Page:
The U.S. Senate and House of Representatives are on different paths regarding funding bills, increasing the chances of a government shutdown. The Senate is moving forward with a bipartisan stopgap funding bill aimed at preventing a partial shutdown, while the House is voting on partisan Republican spending bills that are unlikely to become law. If federal agencies run out of money on Sunday, it could lead to furloughs and the suspension of various services. The funding fight primarily revolves around a small portion of the overall U.S. budget and does not involve cuts to popular benefit programs like Social Security and Medicare.
The House Republicans, including a group of hardline conservatives, have rejected fiscal year 2024 spending levels negotiated by Speaker Kevin McCarthy and President Joe Biden. They are demanding additional cuts and tougher legislation related to the U.S.-Mexico border. McCarthy is under pressure to cut spending and address conservative priorities, with the threat of being ousted from his leadership position if he passes a spending bill that requires Democratic support. Former President Donald Trump has been advocating for a shutdown, while McCarthy suggests that addressing border issues could help avoid it.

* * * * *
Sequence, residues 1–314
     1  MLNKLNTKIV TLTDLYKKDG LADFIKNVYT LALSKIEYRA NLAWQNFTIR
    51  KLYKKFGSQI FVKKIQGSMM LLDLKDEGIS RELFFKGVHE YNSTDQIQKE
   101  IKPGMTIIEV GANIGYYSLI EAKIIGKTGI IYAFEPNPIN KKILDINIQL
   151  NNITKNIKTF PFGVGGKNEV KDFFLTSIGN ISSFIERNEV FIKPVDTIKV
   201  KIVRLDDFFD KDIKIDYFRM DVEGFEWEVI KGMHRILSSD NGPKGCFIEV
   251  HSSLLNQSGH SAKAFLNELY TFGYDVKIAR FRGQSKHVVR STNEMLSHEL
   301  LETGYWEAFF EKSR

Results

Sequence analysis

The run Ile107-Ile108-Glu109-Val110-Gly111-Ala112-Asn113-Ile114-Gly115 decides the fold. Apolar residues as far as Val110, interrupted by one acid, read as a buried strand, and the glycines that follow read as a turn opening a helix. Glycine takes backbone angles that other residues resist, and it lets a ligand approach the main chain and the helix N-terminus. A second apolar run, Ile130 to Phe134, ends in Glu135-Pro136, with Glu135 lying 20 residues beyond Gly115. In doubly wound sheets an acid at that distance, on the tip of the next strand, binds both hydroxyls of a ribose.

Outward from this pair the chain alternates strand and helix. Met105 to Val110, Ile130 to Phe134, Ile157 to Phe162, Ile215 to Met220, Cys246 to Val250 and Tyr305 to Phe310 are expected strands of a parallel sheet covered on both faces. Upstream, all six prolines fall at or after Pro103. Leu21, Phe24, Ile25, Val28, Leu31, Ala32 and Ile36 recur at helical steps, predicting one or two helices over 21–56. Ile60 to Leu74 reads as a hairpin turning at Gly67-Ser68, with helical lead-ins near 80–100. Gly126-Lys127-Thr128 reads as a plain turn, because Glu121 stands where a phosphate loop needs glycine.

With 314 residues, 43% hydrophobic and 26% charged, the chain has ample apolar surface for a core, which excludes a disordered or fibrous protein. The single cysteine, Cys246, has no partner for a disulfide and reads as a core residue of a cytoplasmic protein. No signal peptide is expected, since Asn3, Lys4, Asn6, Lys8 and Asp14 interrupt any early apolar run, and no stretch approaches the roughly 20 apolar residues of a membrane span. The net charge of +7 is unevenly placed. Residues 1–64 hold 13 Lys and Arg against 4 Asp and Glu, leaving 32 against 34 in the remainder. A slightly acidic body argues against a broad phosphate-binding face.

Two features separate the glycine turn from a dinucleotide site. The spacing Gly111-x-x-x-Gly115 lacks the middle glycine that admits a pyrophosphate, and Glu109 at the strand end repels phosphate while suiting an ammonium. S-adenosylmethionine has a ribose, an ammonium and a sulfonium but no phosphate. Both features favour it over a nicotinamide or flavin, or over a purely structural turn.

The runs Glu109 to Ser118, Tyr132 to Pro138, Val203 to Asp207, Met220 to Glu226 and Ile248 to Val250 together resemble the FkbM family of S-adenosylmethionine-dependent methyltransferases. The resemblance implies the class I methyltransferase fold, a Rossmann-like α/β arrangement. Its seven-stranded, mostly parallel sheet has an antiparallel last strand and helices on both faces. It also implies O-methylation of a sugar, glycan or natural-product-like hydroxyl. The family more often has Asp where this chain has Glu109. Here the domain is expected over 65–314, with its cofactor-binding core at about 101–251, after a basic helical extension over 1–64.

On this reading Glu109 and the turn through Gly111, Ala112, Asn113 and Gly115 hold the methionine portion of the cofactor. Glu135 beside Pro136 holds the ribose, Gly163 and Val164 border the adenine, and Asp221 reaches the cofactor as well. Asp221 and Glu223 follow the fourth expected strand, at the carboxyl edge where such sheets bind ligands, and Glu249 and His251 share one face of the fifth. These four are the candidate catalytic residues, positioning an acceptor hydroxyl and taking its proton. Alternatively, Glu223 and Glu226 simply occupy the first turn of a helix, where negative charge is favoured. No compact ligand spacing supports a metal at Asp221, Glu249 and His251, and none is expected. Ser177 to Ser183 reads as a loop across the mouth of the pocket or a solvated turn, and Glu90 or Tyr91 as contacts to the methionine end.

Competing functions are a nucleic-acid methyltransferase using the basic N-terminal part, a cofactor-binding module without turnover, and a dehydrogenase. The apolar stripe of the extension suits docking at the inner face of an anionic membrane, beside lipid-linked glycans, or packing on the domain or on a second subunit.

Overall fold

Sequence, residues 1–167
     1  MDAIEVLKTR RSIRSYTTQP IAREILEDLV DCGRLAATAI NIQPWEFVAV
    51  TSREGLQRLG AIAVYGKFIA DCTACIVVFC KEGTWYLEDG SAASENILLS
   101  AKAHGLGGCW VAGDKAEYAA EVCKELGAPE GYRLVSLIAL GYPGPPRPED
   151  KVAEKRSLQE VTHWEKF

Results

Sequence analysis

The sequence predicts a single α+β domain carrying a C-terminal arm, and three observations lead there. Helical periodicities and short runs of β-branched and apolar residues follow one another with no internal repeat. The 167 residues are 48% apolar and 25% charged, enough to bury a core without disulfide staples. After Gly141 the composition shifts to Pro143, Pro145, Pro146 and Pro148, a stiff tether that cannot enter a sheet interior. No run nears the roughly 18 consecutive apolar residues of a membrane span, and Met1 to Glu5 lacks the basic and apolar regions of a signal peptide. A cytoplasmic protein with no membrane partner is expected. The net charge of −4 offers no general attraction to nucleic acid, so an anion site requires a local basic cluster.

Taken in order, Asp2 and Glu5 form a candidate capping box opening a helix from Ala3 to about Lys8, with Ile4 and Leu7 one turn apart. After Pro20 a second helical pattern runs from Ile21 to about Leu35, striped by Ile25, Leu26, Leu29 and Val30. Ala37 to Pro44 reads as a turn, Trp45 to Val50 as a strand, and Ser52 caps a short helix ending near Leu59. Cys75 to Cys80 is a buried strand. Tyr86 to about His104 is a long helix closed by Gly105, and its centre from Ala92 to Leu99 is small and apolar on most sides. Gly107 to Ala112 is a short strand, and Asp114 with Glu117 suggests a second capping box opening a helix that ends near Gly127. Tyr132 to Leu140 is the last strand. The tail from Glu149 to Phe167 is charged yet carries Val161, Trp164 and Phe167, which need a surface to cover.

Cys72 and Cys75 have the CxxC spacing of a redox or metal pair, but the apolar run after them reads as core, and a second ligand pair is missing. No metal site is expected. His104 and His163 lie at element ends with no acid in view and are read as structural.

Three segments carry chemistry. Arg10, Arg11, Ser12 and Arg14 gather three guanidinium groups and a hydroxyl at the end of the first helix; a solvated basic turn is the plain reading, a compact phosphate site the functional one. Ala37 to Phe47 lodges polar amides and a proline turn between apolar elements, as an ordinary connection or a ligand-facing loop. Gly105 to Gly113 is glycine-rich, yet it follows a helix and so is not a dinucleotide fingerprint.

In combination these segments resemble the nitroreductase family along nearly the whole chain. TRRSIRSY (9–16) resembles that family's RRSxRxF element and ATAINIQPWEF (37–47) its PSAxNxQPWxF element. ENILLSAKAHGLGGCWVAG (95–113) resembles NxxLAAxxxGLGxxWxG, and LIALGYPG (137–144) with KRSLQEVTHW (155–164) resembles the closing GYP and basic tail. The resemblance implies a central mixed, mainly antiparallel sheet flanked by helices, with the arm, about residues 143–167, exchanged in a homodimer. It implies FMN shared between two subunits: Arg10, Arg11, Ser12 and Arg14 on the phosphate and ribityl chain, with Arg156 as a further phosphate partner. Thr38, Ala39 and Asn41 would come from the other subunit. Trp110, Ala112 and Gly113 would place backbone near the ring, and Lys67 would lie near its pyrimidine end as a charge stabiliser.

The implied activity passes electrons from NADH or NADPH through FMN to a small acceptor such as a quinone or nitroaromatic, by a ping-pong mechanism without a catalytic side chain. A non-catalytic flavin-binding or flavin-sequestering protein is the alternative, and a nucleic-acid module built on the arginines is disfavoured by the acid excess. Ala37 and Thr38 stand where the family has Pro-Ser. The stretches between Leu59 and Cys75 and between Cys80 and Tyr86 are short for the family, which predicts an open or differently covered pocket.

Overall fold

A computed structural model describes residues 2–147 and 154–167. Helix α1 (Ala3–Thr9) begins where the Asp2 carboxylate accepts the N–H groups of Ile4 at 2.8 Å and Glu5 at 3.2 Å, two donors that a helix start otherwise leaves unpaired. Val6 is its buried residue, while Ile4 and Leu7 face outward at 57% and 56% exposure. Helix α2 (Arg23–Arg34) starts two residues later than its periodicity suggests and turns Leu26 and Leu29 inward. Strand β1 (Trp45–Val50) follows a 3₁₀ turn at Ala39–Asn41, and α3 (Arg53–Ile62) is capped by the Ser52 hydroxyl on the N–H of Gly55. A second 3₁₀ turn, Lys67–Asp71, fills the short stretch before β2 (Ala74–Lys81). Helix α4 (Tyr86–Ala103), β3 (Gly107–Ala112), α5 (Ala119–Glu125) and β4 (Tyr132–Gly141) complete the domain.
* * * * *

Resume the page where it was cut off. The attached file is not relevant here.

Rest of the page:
Credit agencies have warned that political polarization and brinkmanship are negatively impacting the U.S. financial outlook. Moody’s recently stated that a shutdown would harm the country’s credit rating, while Fitch already downgraded the U.S. government to “AA+” after the nation’s debt was nearly defaulted on earlier this year. Senate Majority Leader Chuck Schumer emphasized the importance of bipartisanship to avoid a shutdown and the economic and social harm it would cause.